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The Earth's magnetic field is weakening and scientists don't know why
TORONTO -- A mysterious anomaly is causing the Earth’s magnetic field to weaken between South America and Africa, and scientists don't know why.
Data collected by the European Space Agency (ESA) and published in May notes that the affected area, known as the South Atlantic Anomaly, has seen the magnetic force weaken by nearly 9 per cent over the last 200 years.
There is a lot of speculation about this phenomenon is happening, but according to York University astronomy and physics professor Paul Delaney, the anomaly could be caused by a regular reversal of Earth’s magnetic field.
"If you go back through the geologic record you can actually map out the U.S. magnetic field as a function of time really easily. We know that the Poles, our North and South Poles magnetically flip every, on average, 500,000 years," Delaney explained to CTV's Your Morning on Tuesday.
He added that the last time the Earth’s magnetic field reversed was approximately 780,000 years ago. Delaney said the current measurement of the weakening field may suggest that the Earth is about to go through a reversal, but it is unlikely.
"The problem here is that the mechanism generates that magnetic field, and why it reverses is a random type of event. It doesn't happen periodically, so we can't really say that this weakening is a precursor to the actual reversal. It might be, but it probably isn't," Delaney said.
The ESA estimates that the field loses approximately five per cent of its strength every decade but the agency hasn't been able to pinpoint how close it may be to its next reversal.
Delaney said the region in question stretches from the northern portion of South America across the Atlantic Ocean into Africa. That area comprises dense rock that forms part of the Earth’s mantle, called the African Large Low Shear Velocity Province.
Scientists have also suggested that magnetic field changes may be due to the changes in this dense rock which accounts for the motion of tectonic plates at the surface level.
"The main problem is that the magnetic field of the planet is relatively weak there, because the centre of the magnetic field is set away from that region," Delaney said.
"If you think of the Earth as a big sphere, and you put a nice dot in the middle of that sphere, that is where the rotation axis passes, but the magnetic axis passes a few hundred kilometres away from that, away from South America, meaning that the magnetic field that we're generating inside our planet is weakest there," he explained.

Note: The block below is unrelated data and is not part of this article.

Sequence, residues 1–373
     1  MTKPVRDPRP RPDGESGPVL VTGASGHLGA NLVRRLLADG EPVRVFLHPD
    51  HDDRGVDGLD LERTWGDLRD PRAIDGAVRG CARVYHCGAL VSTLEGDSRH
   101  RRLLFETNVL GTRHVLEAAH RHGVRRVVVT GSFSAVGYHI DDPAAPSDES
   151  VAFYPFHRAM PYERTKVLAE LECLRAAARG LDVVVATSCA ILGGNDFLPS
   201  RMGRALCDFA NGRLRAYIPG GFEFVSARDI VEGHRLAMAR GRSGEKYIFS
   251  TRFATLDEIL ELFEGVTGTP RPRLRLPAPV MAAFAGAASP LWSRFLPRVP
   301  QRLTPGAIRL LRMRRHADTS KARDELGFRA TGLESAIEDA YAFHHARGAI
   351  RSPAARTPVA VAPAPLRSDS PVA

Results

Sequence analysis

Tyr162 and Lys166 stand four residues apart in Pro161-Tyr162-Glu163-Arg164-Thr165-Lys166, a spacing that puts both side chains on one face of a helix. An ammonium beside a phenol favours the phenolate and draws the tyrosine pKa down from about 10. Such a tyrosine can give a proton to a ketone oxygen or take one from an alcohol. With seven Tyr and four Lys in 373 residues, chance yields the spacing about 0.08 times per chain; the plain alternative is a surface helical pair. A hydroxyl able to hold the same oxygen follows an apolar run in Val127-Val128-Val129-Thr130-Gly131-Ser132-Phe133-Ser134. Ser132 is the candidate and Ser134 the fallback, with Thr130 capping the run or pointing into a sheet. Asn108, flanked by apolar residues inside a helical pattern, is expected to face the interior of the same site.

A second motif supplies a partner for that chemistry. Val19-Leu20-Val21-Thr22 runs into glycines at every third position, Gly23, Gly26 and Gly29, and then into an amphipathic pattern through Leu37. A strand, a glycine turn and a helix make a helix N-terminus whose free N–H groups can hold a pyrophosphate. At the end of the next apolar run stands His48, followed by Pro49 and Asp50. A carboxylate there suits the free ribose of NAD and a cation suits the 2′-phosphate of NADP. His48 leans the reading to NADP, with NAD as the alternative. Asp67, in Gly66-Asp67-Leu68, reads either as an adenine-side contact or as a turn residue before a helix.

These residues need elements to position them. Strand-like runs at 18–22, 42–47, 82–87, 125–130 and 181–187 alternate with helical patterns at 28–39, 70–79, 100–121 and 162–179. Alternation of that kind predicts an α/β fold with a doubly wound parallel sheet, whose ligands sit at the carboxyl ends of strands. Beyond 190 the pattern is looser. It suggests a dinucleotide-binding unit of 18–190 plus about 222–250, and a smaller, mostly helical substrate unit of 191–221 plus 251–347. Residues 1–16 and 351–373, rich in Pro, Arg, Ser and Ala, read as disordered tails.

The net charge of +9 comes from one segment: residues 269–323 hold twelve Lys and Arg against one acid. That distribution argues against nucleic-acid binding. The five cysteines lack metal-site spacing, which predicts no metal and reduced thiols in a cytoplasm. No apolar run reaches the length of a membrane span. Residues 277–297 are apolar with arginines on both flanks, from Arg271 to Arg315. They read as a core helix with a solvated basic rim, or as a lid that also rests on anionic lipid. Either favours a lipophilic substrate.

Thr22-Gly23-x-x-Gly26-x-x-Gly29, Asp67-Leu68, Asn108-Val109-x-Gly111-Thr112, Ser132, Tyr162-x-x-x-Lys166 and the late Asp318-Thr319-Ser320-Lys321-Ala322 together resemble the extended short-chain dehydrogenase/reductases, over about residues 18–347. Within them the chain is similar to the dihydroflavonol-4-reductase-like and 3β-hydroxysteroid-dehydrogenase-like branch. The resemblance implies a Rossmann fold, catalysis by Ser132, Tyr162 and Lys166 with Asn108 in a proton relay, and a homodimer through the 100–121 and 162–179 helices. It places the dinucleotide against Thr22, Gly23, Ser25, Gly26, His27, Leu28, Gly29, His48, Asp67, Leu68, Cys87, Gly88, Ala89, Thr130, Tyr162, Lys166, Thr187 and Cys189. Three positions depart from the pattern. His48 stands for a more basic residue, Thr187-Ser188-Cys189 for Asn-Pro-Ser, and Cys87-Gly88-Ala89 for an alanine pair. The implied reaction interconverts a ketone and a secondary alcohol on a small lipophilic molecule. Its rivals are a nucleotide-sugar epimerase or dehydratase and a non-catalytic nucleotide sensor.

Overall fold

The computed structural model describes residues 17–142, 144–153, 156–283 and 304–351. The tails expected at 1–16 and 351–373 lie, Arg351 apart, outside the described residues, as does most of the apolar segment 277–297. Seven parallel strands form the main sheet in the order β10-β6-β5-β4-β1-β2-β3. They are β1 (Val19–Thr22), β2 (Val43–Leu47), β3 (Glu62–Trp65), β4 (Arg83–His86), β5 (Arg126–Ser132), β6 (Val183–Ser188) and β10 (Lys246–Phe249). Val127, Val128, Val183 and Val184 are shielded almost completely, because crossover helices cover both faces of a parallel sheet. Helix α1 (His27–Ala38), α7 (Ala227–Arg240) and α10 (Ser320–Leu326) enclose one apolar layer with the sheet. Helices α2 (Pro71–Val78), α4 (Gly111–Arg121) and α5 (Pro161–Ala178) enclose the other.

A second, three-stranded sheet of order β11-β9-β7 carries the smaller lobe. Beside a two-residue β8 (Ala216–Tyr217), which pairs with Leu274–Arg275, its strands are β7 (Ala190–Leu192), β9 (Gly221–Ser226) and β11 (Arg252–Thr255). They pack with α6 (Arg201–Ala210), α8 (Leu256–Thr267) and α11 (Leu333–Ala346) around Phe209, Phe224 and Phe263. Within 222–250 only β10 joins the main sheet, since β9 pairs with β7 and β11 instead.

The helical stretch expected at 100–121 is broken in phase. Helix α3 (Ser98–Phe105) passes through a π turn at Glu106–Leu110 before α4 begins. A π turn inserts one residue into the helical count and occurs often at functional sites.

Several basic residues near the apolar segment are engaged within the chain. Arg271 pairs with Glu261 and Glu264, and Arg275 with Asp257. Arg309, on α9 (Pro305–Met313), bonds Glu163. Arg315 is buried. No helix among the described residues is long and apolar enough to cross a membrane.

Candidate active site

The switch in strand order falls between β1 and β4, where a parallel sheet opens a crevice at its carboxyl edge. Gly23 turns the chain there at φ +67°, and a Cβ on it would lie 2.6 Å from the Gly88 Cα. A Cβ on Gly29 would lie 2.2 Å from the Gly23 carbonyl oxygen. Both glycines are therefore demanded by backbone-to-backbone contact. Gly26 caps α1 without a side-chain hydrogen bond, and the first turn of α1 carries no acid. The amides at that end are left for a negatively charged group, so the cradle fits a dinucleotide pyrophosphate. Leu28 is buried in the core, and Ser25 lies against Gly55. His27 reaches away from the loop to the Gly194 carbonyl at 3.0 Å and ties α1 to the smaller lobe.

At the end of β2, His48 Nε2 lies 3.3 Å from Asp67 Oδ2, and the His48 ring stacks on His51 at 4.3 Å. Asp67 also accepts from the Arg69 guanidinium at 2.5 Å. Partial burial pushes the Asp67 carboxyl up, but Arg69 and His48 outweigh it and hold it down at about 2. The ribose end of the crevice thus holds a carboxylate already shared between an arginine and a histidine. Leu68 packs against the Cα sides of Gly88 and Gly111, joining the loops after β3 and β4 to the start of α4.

While the Earth's magnetic field protects humans from solar radiation, Delaney said the most significant effects of the weakening magnetic field are limited to technical malfunctions on board satellites and space crafts.
"The problem is that ou radiation belts, full of charged particles, are a lot closer to the surface, and that means it can cause problems for satellites, and people are concerned, all because the magnetic field is the weakest at that location," Delaney said.
He added that humans don't currently have any cause to be concerned.
"Charged particles of course are not good for you -- you do not want to be bombarded by high-speed electrons, protons and other ions. That's not good for any life form," Delaney said.
"The magnetic field of our planet tends to create a huge bubble or a cushion around us, that deflects away most of these charged particles. Some of it does leak in and gets caught in the Van Allen radiation belt but very little gets to the surface of the Earth. That’s a good thing."
However, Delaney said the weakening could start to cause problems for humans if it expands.
"If the magnetic field weakens continuously, in fact if the magnetic field turned off, that would really be bad. As long as we have any measure of magnetic field, even a weakened field, it protects us in large measure from these dangers from space," he said.
If the magnetic field were to disappear completely, Delaney said humans will "really have a problem" because it would increase exposure to higher levels of ultraviolet radiation that can be harmful to humans.
The ESA said it will continue to monitor the weakening magnetic field using its Swarm satellites.
"The mystery of the origin of the South Atlantic Anomaly has yet to be solved," the space agency said in a statement. "However, one thing is certain: magnetic field observations from Swarm are providing exciting new insights into the scarcely understood processes of Earth's interior."